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Ransomware: Now and The Future

This is based on the 2022 Threat Report by Sophos

Ransomware is one of the most potentially damaging and costly types of malware attacks

Ransomware has staked its claim as a major element of the cybercriminal ecosystem. As one of the most potentially damaging and costly types of malware attacks, ransomware remains the kind of attack that keeps most administrators up at night, a Keyser Söze of the internet. As we move into 2022, ransomware shows no sign of slowing down, though its business model has gone through some changes that seem likely to persist and even grow over the coming year.

Ransomware-as-a-service subsumes attacks by solo groups

Over the past 18 months, the Sophos Rapid Response team was called in to investigate and remediate hundreds of cases involving ransomware attacks. Ransomware isn’t new, of course, but there have been significant changes to the ransomware landscape over this period: the targets have shifted to ever-larger organizations, and the business model that dictates the mechanics of how attacks transpire has shifted.

The biggest change Sophos observed is the shift from “vertically oriented” threat actors, who make and then attack organizations using their own bespoke ransomware, to a model in which one group builds the ransomware and then leases the use of that ransomware out to specialists in the kind of virtual breaking and-entering that requires a distinct skill set from that of ransomware creators. This ransomware-as-a-service (or RaaS) model has changed the landscape in ways we couldn’t predict.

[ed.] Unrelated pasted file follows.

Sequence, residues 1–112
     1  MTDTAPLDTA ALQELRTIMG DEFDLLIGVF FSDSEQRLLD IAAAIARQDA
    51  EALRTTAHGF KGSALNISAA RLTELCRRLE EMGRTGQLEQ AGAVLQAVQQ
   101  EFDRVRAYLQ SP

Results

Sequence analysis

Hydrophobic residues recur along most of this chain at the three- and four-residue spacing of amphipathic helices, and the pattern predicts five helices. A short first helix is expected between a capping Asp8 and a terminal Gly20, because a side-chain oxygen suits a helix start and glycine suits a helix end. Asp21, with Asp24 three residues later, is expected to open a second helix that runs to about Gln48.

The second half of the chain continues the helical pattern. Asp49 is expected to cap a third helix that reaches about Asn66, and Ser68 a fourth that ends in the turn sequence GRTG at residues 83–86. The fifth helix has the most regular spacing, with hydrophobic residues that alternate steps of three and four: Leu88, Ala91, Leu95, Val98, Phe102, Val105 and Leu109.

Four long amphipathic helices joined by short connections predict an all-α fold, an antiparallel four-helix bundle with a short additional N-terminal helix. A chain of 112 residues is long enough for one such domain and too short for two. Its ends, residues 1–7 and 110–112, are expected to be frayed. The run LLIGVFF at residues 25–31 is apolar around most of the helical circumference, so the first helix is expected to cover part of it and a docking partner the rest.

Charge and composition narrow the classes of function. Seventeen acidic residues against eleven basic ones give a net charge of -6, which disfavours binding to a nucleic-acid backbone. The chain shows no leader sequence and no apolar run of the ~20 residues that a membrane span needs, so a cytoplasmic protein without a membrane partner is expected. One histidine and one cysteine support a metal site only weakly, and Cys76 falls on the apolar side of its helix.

Sophos Rapid Response, reason for incident response engagements 2020-2021

While ransomware attack response accounted for most of the incidents the Sophos Rapid Response team was involved in during the past year, it didn’t account for them all. Removal of Cobalt Strike Beacons, cryptominers, and even web shells also prompted extra attention, especially in the days following the revelations of the ProxyLogon, and later ProxyShell, exploits, which resulted in a lot of people quickly becoming familiar with how dangerous a web shell could be

For instance, when the same group crafted and attacked using their own ransomware, those threat actors tended to engage in unique and distinctive attack methods: one group might specialize in exploiting vulnerable internet-facing services like Remote Desktop Protocol (RDP), while another might “buy” access to an organization previously compromised by a different malware group. But under the RaaS model, all these distinctions in the finer details of how an attack takes place have become muddled and make it more difficult for incident responders to identify exactly who is behind an attack.

Expanding extortion

Ransomware is only as good as your backups, or so an adage might go if any existed. The truth of this statement became the basis for one of the most devastating “innovations” pioneered by some threat actor groups involved in ransomware schemes in the past several years: the rise of extortion in ransomware attacks.